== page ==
Who Are Your People? ” is an installation exploring human robot relations and their implications. This work speculates about the ways humans and robots will co-exist as friends, servants, co-workers, arbiters, lovers, and so on, in the not so distant future.
Meet the Artist: Friday December 8 @ 7 pm
Exhibition open to the public Saturday and Sunday Dec. 9 and 10th from 4 – 7 pm
596 Broadway Suite 602 New York NY 10012
Phone: 212-431-1130 Subway: F/M/D/B Broadway/Lafayette, R to Prince, #6 to Bleecker
Artificially intelligent (AI) systems are increasingly the ubiquitous, unseen arbiters of our social, civic and personal lives. Ever increasing computational power, combined with almost limitless data, has led to a turning point in the way AI assists, judges and cares for humans.
This installation seeks to spark broad, generative conversation about the role AI has in our lives and the importance of creating AI with the practice of inclusion and transparency at its core. We humans have a lot of work to do to make the artificial intelligence we create, fair, equitable, and valuable for ALL.
Dinkins interest in Bina48 stems from an ongoing preoccupation with current and historic traditions of crafting identity, meaning and history through cultivated representation. That one of the world’s most advanced social robots is physically manifest in the form of a black woman’s head and shoulders on a pedestal is significant. It is hard not to wonder what Bina48’s race, gender and degree of disembodiment disclose about the current and future states of human, and robot, existence. Dinkins approach to unpacking Bina48’s implications for what it means to be human and how we maintain technological balance, is friendship. Instead of fearing the coming revolution in humanoid, smart and artificial intelligences that may well lead to machines and hybrid entities that will out think, out perform, and …well, out everything people in the near future, is to understand them on an empathetic level.
“Who are your people?” is the primary question Dinkins has for her robot friend. The question is a colloquialism of the American South that encompasses the questions: “where are you from?” “who are you related to?” and “how do you fit in this community?” It is in my experience a vernacularly black, somewhat cheeky question that can be both benignly curious and deeply cutting. I wondered would, or could, Bina48 render the story of “her people” from the depths of her expanding robot consciousness? Or, would her answer be some reiteration of the histories of the people who seeded her memory bank. Getting Bina48 to talk about her ancestors would amount to getting her to position herself in relation to technology and the human world around her. Such self-definition would also help explain her role as an Image of, and for, the future.
life experiences “I am just a humble primate.” (video still) Bina48 to Stephanie, Meeting #4, June 2015.
Stephanie Dinkins is a transdisciplinary artist interested in creating platforms for ongoing dialog about artificial intelligence as it intersects race, gender, aging and our future histories. Her art employs lens-based practices, the manipulation of space, and technology to grapple with notions of consciousness, agency, perception, and social equity. Her work has been exhibited at a broad spectrum of public, private, and institutional venues by design. These include Institute of Contemporary Art Dunaujvaros, Herning Kunstmuseum, Spelman College Museum of Fine Art, Contemporary Art Museum Houston, Wave Hill, the Studio Museum in Harlem, Spedition Bremen, and the corner of Putnam and Malcolm X Boulevard in Bedford-Stuyvesant, Brooklyn. She is the recipient of financial support from Joan Mitchell Foundation, Puffin Foundation, Trust for Mutual Understanding, Lef Foundation, and Residency Unlimited. Artist residencies include NEW INC, Blue Mountain Center; Aim Program, Bronx Museum; The Laundromat Project; Santa Fe Art Institute, Art/Omi and Center for Contemporary Art, Czech Republic. Her work has been written about in media outlets such as Art In America, The New York Times, Washington Post, and Baltimore Sun and SLEEK Magazine. She is a 2017 A Blade of Grass Fellow and a 2018 Truth Resident at EYEBEAM, NY. Professor Dinkins teaches digital media at Stony Brook University.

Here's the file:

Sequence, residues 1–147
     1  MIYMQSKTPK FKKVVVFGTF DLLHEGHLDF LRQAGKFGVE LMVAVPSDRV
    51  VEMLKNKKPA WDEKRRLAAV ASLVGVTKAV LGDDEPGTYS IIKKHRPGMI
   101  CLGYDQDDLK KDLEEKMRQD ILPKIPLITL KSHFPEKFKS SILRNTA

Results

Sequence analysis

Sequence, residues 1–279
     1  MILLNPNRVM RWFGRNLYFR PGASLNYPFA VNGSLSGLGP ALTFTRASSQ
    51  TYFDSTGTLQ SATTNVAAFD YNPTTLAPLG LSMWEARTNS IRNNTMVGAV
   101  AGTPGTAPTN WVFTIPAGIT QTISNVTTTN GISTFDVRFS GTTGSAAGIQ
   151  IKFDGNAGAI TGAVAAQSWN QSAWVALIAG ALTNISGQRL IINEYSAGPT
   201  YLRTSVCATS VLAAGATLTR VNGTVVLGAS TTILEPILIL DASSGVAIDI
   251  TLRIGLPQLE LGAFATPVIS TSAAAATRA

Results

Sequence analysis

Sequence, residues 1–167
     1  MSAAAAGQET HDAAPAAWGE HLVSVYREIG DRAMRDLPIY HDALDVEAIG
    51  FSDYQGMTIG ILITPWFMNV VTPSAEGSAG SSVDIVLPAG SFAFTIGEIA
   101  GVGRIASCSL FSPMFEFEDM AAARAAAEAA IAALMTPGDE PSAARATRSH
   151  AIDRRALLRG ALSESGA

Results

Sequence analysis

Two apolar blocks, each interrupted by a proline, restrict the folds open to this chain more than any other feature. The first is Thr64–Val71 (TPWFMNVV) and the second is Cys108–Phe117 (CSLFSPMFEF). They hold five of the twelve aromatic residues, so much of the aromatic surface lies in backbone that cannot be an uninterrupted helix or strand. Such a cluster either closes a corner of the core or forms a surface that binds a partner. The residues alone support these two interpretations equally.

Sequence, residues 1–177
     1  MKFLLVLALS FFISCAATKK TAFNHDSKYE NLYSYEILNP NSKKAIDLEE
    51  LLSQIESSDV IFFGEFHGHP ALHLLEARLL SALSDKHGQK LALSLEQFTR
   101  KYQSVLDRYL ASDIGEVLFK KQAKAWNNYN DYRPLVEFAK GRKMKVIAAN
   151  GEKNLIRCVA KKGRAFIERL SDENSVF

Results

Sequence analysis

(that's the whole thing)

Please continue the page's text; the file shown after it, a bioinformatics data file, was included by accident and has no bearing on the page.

This presentation is made possible in part with public funds from the New York State Council on the Arts’ 2017 Electronic Media and Film Presentation Funds Grant program, administered by The ARTS Council of the Southern Finger Lakes.
“When watching Stephanie Dinkins’s filmed interview with Bina48, an artificially intelligent android, it’s difficult to delineate where technological transcendence ends and transgression begins. Bina48 paradoxically manifests both the mechanization of humanity and the need to approach technology from an intersectional perspective.” Zachary, Small, Future Perfect: Flux Factory’s Intersectional Approach to Technology, Art in America, , April 7, 2017 (accessed May 22, 2017)
“Can everyone please stop and read @stephdink on the socio-cultural implications of AI” Grayling Global Communications Network, France
(Artificial) Life Imitating Art, Stephanie Dinkins –part of Me Myself and I, web essay for Grayling Global Communications Network http://www.grayling.com/global/me_myself_and_i# (accessed June 18, 2017)
Interview: Stephanie Dinkins, Ace Hotel Blog, March 2017 http://blog.acehotel.com/post/158072159753/interview-stephanie-dinkins, ( this interview appeared turned on Ace Hotel TV in a room or logged into the internet at an Ace Hotel Property (accessed June 17, 2017)